OBITUARY: Gordon Waddell, former Rand Lord
GORDON Waddell, once a prominent member of South Africa’s latter-day Rand Lords in the 1970s and 1980s, Scottish international rugby player of note before then and one of the South African Associated Newspapers (SAAN) businessmen who presided over the closure of the Rand Daily Mail and the Sunday Express in 1985, has died in Britain at the age of 75.
Born in Glasgow on April 12 1937, he made a name for himself in rugby as a flyhalf, playing 18 times for Scotland, for the British Lions and the Barbarians.
Rugby brought him to South Africa, where he played against the Springboks in 1960, and later he returned, married mining heiress Mary Oppenheimer and began a whirlwind business and political career in South Africa.
In Scotland he had been educated at St Mary’s Melrose and Fettes College, Edinburgh, and after completing his national service as a Royal Marine Commando he went on to Cambridge, where he gained a BA degree that was later complemented with an MBA from Stanford University in the US.
His business career took off after he became a director of E Oppenheimer & Sons Ltd in 1967, a position he held for 20 years. In South Africa he was a firm favourite of his father-in-law, mining magnate Harry Oppenheimer, who brought him into the mining industry — first at Anglo American, where in 1971 he became an executive director for 16 years. In 1971 he also became chairman of Johannesburg Consolidated Investments (JCI) and Rustenburg Platinum Mines.
His business interests in South Africa included South African Breweries and his chairmanship at JCI projected him onto the board of SAAN (now Avusa) as the representative of Anglo American’s ownership of the company. This brought him into closer contact with the Rand Daily Mail, Sunday Times, Sunday Express and the Financial Mail.
In the three years before the Rand Daily Mail was closed in 1985 three former editors of the Mail — Laurence Gandar, Allister Sparks and Raymond Louw — paid annual visits to him to warn him that the Mail was in danger of closing because of the poor management of the company. They urged him to take action and he promised to do so but the paper closed with the company incurring an overdraft of R10m.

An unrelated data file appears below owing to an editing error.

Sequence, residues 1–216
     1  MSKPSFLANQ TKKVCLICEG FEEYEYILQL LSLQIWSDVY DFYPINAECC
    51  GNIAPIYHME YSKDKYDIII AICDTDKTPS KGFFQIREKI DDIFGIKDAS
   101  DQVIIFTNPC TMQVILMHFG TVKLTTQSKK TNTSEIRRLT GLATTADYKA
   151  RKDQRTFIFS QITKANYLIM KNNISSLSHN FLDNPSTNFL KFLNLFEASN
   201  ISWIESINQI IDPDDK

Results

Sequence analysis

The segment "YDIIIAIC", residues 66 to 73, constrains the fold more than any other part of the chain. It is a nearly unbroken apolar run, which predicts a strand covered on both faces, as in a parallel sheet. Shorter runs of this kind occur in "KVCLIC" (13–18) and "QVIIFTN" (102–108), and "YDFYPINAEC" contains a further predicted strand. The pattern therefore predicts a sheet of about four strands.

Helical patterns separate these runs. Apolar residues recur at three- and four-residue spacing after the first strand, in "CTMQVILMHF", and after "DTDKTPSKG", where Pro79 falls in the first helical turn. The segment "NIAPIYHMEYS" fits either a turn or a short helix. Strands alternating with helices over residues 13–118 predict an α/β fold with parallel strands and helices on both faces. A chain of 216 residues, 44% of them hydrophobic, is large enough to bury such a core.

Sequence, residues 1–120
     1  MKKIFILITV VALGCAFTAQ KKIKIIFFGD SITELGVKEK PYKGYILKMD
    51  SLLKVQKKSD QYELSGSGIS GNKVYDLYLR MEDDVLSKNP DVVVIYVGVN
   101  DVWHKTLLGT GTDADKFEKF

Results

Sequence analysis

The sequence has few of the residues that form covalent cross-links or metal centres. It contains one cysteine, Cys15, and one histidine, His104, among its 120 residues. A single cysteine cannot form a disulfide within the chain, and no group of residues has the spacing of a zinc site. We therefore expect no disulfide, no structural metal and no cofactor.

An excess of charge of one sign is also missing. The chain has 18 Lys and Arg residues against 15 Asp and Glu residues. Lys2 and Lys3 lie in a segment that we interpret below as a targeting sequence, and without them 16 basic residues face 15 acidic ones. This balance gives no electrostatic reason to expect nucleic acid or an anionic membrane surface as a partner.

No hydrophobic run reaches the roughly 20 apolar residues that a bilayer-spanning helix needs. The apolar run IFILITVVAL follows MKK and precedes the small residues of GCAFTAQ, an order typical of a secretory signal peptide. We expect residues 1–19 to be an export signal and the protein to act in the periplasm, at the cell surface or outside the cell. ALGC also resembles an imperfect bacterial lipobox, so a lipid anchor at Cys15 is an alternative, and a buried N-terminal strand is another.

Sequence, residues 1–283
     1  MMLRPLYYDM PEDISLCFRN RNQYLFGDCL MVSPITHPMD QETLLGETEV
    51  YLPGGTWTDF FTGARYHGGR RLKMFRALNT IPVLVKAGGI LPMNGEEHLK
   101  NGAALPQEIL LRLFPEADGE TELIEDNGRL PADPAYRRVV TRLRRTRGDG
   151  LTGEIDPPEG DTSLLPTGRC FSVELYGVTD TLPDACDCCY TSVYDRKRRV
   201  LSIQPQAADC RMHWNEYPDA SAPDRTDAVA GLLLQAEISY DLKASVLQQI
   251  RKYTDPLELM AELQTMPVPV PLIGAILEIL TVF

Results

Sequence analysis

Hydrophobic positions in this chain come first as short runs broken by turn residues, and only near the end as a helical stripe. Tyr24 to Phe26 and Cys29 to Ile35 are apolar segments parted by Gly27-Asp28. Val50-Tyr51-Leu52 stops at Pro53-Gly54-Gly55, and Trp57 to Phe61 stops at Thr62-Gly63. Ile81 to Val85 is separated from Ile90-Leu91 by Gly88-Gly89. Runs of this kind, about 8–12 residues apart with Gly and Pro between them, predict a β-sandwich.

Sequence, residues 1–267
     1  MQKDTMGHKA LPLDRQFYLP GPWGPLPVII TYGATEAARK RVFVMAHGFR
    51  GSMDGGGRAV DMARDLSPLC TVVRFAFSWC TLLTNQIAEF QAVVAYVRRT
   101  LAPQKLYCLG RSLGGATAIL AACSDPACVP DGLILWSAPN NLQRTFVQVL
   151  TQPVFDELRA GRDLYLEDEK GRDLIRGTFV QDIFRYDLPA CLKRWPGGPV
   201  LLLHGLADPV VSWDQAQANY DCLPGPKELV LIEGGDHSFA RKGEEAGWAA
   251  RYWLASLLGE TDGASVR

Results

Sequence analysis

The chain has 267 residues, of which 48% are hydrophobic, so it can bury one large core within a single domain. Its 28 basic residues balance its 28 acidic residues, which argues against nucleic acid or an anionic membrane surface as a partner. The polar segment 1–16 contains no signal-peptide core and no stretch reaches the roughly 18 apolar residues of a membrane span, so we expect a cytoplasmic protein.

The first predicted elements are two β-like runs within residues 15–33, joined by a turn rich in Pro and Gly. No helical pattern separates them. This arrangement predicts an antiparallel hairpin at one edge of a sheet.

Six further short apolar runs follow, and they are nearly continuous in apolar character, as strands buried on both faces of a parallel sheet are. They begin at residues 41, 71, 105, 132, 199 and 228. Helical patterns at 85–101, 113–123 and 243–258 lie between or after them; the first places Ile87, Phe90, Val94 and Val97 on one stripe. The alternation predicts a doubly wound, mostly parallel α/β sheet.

It was later suspected that the losses that the Mail was supposed to have contributed to those the company incurred were a result of disproportionate cost allocations arising from the company’s joint operations. Indeed, the financial management practices of SAAN later became a case study at the Witwatersrand University’s Business School.
Waddell, like his father-in-law, took a keen interest in politics. He joined the Progressive Party (now absorbed into the Democratic Alliance) and was elected to Parliament in 1974 by winning the Johannesburg North constituency. He was one of seven party representatives who joined Helen Suzman, the sole defender of the party in Parliament for the preceding 13 years, and he became the party’s spokesperson on economic affairs.
His marriage to Mary broke up but this did not dim Oppenheimer’s regard for him and he rose to be chairman of JCI. in 1987, a few years after his second marriage, to Kathy Gallagher, the family left to set up home in Scotland. He is said to have wanted his children educated there.
He pursued business interests in Britain in stockbroking ad investment trusts, and was a director of Cadbury Schweppes.
His death followed several illnesses. He is survived by his wife, Kathy, and her children, Inca, Justine and Jamie, and Victoria and Rebecca from his first marriage.
The funeral service will be private and memorial services will be held in London and South Africa.
More in this section
- Home Affairs defends decision to grant asylum to war crimes suspect
- Mandela’s daughters, lawyer ‘in cahoots to secure companies’ cash’, claims Chuene
- Karabus lands in Cape Town after UAE ordeal
- Amcu leader says union will ‘bring economy to standstill’
- Equal Education decries delays in norms and standards for schools
- Business as usual at all operations, says Amplats